The Biden Administration is increasingly prioritizing growing ransomware threats as a risk management problem, according to guests on the latest episode of The Insuring Cyber Podcast. This comes as four insurance firms — Travelers, Coalition, Resilience Cyber Solutions and Vantage Group— were among the participants in the White House summit on cybersecurity in August along with technology firms and Biden Administration officials. The aim was to discuss how these groups can work more closely together to improve the nation’s cybersecurity, particularly as U.S. public and private sector entities increasingly face cyber attacks. “Wasn’t it interesting that the very first question by the President to that group of executives … was to a cyber insurance executive about this?” said Chris Finan, chief operating officer at ActZero, an artificial intelligence-driven cybersecurity start-up. “So if that doesn’t demonstrate, I think, the importance of this and getting it right … I don’t know what will. I was very pleased with that focus by the President. It does seem to be priority. I felt they had the right people around the table.” Finan has more than a decade of experience working in cybersecurity and previously served in the Obama Administration as the director for cybersecurity legislation and policy on the National Security Council staff in the White House. He said he hopes to see momentum building toward a more standardized framework to measure risk as ransomware threats continue to grow, with AM Best recently reporting that ransomware now accounts for 75% of all cyber insurance claims. “I think we can expect further actions from the administration, NIST (The National Institute of Standards and Technology) and DHS (The U.S. Department of Homeland Security) to now promulgate more sophisticated security standards, particularly ones that are more focused on ransomware controls,” he said. Joshua Motta, CEO and co-founder of cyber insurance and security provider Coalition, agreed. “I think that the government is acutely aware of how large of a threat [ransomware] is to the U.S. economy, and they’re taking actions,” he said. Coalition was one of the four insurance companies invited to meet with President Biden at the summit. “I think they were really looking at the insurance industry to be a driving force for setting those standards, for making sure that businesses have the appropriate minimum controls and hygiene in place and using the industry as a force to really try and incentivize the adoption and awareness of this problem,” he said. “That insurers were even invited is important to take stock of, and I think it’s indicative of the fact that [the federal government] views this as a risk management problem.” He said that since insurance companies work to quickly respond to market forces and have a financial incentive to protect customers, the industry can be used as a mechanism to enforce cybersecurity hygiene. “There’s very much asymmetry between the people who are attacking businesses, who only have to get it right once, and those who are trying to defend themselves who have to be right all the time,” he said. “And I think that the administration, the government, realizes that insurance companies can act like private regulators in a sense.” Finan said he hopes to see a convergence between the public and private sectors on a set of ransomware controls and a framework to measure whether those controls are effective. In turn, he said this can create efficiencies in data collection and measurement that will help the insurance industry transfer risks smartly and efficiently. “It starts at the c-suite. Is this a priority? Are you measuring it? Are you holding people accountable?” he said. Motta added that although security took the backseat in software development for quite some time, businesses are now realizing they need to find better ways to protect themselves, particularly during the pandemic shift to digital for many working environments. “I think most businesses are coming to the realization that they’re digital businesses, irrespective of what industry they’re in, when they were founded, whether they are technology companies or not,” he said. “If they’re dependent on a working computer and internet connection, they have cyber risk. They have technological risk.” This is where the public and private sectors can come together to help organizations navigate their own cyber risks, Motta said. “Unfortunately, many are not in the best position to figure out how to do that,” he said. “They’re busy enough trying to navigate a pandemic and keep their business going and focus on their core operations. Becoming an expert in cybersecurity and how to defend themselves is a daunting challenge, right?” Finan agreed, adding that there is a lot of value in implementing best practices and a framework to measure and understand the effectiveness of risk management programs and reduce risk overtime. “I think the thing that really stands out to me is that there are no magic bullets,” he said. “A lot of this is just really hard.” To find out what else Joshua and Chris had to say, check out the most recent episode of The Insuring Cyber Podcast. Be sure to check back for new episodes publishing every other Wednesday along with the Insuring Cyber newsletter. Thanks for listening. The post EP.24: Are Public, Private Partnerships the Answer to Cybersecurity’s Risk Management Problem? appeared first on Insurance Journal TV.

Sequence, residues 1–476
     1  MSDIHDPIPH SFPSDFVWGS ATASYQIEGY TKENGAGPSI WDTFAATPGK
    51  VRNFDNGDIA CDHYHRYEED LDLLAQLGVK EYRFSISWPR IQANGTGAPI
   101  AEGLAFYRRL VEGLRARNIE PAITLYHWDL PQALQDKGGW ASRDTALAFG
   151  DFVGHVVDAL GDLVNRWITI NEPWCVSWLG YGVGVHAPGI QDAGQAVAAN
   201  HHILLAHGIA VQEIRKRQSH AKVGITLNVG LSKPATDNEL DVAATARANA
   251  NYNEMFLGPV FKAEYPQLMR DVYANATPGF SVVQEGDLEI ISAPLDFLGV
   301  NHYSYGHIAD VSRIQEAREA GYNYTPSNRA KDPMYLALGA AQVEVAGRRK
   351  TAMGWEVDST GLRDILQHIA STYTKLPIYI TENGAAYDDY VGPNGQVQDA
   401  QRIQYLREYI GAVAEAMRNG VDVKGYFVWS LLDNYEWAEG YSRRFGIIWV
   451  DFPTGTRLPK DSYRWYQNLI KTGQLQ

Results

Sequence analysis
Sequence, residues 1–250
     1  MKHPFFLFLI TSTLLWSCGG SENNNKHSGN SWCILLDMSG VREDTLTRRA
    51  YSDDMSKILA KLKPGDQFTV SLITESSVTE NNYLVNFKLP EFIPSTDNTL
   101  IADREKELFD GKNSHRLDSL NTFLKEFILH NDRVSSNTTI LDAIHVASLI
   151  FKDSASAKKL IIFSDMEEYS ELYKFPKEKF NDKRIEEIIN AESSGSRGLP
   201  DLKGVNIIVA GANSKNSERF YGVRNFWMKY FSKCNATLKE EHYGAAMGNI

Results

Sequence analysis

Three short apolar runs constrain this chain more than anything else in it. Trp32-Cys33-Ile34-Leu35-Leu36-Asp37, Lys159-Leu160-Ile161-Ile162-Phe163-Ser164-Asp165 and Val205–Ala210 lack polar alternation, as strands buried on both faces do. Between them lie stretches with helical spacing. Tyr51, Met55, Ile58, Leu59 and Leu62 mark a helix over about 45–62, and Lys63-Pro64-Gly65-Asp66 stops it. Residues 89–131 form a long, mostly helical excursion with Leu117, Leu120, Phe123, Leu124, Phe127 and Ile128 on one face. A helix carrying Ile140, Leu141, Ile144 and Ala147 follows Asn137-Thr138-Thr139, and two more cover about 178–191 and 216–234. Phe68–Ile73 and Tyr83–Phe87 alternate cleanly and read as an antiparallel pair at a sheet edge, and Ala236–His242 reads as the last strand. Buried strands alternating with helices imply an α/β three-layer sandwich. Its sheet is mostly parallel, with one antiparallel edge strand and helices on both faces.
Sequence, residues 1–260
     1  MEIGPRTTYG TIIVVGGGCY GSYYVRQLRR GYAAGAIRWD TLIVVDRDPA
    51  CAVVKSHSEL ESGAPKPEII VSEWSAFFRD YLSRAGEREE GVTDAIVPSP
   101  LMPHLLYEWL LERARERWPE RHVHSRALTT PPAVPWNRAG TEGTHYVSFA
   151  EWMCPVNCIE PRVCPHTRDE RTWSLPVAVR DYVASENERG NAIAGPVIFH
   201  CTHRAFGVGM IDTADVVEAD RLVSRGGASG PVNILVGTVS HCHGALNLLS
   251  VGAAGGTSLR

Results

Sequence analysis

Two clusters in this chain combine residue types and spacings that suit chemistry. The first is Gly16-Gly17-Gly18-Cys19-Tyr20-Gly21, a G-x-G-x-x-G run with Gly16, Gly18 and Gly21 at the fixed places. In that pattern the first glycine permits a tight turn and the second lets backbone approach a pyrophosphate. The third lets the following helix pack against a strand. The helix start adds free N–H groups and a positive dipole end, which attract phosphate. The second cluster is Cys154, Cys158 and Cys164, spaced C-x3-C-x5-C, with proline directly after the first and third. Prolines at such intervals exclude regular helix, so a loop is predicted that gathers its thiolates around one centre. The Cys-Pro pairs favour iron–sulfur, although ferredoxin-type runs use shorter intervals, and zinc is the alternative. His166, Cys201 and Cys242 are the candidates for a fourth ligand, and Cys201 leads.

27mins

6 Oct 2021

Rank #6

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Insurtech Lessons: An Insider’s View

Bryan Falchuk isn’t your average author and speaker. He spent 20 years as a self-described “P&C guy.” That gave him the background and passion to write a book called “The Future of Insurance: From Disruption to Evolution,” which includes a volume on incumbent insurers as well as one on startups. In his latest work on insurtechs, Bryan provides some fascinating lessons for both legacy and new players through a series of case stories featuring the likes of Kin, Thimble, Clearcover, Next and more. Clearly, there are some takeaways from how insurtechs got funded, launched and evolved. Deploying capital wisely is one. Diversifying thinking is another. Listen as Bryan provides advice for any player that wants to create a distinct marketplace advantage. The post Insurtech Lessons: An Insider’s View appeared first on Insurance Journal TV.